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Long-term sublethal effects caused by brief tarsal contact with insecticide residues were investigated by rearing female-male pairs of diamondback moths, Plutella xylostella (L.), in which one member had walked for 1 min in a glass tube internally coated with fenvalerate (250 ng[AI]/cm2). Survivorship at 48 h after treatment was 52%. Fifty-two percent of the surviving moths had autotomized one or more legs. Treatment did not affect long-term survival, but fecundity was reduced regardless of which sex was treated. All moths that autotomized were able to reproduce, but their fecundity was only 48% of that for treated moths that did not drop legs.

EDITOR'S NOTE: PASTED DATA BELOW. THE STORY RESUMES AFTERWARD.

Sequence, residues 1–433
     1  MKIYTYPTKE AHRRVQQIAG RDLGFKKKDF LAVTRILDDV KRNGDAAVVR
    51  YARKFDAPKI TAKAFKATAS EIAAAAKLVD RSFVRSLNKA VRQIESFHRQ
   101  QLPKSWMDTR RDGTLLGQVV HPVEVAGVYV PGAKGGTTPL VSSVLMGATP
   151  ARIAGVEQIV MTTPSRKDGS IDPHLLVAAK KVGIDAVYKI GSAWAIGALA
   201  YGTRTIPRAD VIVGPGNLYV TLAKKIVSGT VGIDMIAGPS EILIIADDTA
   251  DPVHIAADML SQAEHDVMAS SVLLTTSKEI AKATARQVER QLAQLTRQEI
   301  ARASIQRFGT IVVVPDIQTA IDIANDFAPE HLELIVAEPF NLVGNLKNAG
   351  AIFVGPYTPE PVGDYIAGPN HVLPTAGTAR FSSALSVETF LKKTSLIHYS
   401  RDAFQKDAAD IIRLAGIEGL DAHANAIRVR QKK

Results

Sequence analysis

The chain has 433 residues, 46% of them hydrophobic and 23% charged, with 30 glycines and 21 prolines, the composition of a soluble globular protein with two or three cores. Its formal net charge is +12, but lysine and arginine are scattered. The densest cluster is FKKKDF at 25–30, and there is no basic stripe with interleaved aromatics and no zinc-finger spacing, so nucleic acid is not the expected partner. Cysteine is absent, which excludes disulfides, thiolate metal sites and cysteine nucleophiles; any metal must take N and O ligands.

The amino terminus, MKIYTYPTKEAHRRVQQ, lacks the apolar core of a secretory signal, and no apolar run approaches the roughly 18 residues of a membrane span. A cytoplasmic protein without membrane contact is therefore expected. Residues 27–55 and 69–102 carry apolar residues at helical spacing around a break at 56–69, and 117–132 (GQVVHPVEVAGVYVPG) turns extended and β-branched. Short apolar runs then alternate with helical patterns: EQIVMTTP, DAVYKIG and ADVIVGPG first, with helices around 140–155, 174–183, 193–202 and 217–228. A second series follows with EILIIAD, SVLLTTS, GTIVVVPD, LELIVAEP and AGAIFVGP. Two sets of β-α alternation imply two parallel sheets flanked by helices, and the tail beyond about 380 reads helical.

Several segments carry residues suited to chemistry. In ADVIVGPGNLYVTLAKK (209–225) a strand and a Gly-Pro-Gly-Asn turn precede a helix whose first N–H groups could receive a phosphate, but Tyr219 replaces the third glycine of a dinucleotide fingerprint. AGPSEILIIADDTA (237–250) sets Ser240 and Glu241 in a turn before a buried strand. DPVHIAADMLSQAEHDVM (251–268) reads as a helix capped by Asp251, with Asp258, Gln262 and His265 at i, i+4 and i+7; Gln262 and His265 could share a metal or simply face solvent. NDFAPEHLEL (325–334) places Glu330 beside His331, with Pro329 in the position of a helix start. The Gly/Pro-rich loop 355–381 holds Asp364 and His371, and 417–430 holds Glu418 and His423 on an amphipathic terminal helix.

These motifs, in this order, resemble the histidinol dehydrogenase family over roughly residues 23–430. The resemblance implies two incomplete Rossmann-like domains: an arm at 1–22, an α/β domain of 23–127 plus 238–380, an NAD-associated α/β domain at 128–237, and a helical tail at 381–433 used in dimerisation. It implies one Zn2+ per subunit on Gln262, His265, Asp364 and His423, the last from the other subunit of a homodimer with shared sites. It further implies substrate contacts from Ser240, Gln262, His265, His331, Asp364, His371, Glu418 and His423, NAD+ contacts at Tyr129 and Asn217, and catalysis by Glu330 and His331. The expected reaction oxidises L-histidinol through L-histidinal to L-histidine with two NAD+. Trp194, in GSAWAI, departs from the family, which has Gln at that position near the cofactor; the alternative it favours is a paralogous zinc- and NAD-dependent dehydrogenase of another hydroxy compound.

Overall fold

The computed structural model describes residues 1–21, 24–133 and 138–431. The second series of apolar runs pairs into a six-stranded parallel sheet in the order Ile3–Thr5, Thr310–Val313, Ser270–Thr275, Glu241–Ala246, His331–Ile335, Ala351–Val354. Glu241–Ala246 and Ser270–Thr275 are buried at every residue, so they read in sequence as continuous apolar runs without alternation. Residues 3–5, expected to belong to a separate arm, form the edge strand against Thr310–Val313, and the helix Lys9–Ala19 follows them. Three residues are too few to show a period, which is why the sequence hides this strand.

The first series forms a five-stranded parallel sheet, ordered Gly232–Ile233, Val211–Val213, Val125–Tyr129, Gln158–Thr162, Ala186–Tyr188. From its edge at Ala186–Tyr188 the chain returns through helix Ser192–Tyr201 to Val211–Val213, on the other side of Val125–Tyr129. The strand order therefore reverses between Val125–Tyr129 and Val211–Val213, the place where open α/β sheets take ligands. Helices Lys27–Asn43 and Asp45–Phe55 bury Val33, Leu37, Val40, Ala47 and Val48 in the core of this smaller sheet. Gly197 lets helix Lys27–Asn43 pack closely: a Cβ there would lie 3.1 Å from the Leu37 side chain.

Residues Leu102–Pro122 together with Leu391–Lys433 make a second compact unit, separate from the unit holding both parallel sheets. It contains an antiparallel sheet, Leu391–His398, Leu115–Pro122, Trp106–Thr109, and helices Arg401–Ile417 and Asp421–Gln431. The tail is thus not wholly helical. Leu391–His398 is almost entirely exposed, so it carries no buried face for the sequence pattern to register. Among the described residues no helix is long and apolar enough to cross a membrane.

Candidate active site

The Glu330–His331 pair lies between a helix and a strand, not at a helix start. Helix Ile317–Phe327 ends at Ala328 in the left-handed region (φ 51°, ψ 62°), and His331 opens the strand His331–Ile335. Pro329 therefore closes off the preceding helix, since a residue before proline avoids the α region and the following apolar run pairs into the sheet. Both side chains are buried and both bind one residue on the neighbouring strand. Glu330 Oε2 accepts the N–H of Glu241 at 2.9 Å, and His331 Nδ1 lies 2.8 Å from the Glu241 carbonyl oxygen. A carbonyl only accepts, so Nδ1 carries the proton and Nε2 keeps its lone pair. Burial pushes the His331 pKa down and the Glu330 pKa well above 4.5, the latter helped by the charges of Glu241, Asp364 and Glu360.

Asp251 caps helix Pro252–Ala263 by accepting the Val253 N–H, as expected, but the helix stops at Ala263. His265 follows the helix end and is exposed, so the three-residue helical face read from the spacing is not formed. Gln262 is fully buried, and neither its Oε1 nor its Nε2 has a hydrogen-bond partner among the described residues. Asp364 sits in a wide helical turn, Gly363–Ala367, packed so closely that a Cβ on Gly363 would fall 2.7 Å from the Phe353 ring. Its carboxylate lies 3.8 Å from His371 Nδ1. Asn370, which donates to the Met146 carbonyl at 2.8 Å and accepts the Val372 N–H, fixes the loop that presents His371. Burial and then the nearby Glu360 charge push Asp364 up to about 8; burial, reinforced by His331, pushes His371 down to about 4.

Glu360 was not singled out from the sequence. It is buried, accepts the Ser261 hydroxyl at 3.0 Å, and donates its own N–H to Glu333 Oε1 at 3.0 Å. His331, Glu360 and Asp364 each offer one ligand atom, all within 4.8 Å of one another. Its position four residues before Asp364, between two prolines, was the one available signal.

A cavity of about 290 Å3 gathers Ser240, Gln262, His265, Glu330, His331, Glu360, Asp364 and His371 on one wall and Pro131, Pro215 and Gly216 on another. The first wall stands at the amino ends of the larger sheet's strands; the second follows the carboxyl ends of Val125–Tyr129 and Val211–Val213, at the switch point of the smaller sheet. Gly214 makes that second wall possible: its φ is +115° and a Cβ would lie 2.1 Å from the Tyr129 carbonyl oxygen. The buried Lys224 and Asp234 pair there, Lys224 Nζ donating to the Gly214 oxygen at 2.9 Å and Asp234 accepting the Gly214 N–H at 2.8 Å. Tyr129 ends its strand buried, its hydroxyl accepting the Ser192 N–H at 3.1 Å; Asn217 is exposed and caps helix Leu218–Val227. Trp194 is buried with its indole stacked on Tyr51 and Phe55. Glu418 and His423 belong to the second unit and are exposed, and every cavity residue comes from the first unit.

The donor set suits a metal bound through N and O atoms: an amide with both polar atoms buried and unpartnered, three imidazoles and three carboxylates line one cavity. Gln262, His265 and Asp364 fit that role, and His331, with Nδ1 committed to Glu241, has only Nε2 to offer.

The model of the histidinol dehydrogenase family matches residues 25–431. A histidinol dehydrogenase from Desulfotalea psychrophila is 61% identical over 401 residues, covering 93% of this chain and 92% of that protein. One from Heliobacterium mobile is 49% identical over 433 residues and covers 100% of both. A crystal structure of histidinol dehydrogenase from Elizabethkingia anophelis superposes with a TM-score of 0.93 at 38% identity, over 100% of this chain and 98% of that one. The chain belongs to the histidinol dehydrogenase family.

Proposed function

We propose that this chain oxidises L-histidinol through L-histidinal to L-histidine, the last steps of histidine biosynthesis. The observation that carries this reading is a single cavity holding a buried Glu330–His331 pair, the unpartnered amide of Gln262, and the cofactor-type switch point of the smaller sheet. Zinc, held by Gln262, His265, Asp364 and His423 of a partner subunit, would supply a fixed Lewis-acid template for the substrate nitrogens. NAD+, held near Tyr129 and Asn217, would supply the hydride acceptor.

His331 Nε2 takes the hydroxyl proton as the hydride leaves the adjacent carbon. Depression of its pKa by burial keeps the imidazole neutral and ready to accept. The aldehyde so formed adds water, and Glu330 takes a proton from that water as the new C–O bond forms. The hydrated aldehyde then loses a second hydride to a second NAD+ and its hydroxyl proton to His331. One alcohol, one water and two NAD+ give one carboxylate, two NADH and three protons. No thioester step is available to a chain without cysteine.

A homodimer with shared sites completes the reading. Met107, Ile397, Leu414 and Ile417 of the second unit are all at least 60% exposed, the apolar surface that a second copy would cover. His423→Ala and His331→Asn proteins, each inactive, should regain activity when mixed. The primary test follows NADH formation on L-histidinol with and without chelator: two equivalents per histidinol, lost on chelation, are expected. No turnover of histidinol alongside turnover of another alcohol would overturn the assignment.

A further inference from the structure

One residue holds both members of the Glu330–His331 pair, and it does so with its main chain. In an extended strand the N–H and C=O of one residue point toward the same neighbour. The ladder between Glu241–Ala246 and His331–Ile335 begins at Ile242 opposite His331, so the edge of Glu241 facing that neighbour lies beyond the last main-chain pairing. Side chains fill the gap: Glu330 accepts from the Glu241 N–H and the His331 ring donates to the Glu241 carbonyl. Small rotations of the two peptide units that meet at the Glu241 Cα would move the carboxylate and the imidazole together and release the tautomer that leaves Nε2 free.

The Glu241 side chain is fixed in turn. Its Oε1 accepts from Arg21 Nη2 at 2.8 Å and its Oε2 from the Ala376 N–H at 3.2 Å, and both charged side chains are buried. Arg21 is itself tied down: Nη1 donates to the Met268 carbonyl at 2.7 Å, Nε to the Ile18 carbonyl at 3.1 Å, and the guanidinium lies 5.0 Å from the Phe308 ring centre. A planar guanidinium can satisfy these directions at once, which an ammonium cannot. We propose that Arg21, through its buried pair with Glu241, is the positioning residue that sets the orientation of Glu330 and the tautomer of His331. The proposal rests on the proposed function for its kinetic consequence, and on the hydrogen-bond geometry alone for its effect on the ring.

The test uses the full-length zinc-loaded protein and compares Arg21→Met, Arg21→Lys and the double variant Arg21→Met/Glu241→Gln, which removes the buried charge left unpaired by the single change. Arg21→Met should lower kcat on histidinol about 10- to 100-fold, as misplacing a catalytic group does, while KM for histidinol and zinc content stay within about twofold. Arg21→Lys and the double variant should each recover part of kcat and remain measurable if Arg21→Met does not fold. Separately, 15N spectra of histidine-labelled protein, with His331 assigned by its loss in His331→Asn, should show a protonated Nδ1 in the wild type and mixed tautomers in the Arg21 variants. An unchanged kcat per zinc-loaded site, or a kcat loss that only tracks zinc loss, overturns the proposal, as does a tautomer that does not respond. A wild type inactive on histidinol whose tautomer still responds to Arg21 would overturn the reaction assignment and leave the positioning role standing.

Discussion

Document Type: Research Article
Publication date: October 1, 1992
More about this publication?
Journal of Economic Entomology is published bimonthly in February, April, June, August, October, and December. The journal publishes articles on the economic significance of insects and is divided into the following sections: apiculture & social insects; arthropods in relation to plant disease; forum; insecticide resistance and resistance management; ecotoxicology; biological and microbial control; ecology and behavior; sampling and biostatistics; household and structural insects; medical entomology; molecular entomology; veterinary entomology; forest entomology; horticultural entomology; field and forage crops, and small grains; stored-product; commodity treatment and quarantine entomology; and plant resistance. In addition to research papers, Journal of Economic Entomology publishes Letters to the Editor, interpretive articles in a Forum section, Short Communications, Rapid Communications, and Book Reviews.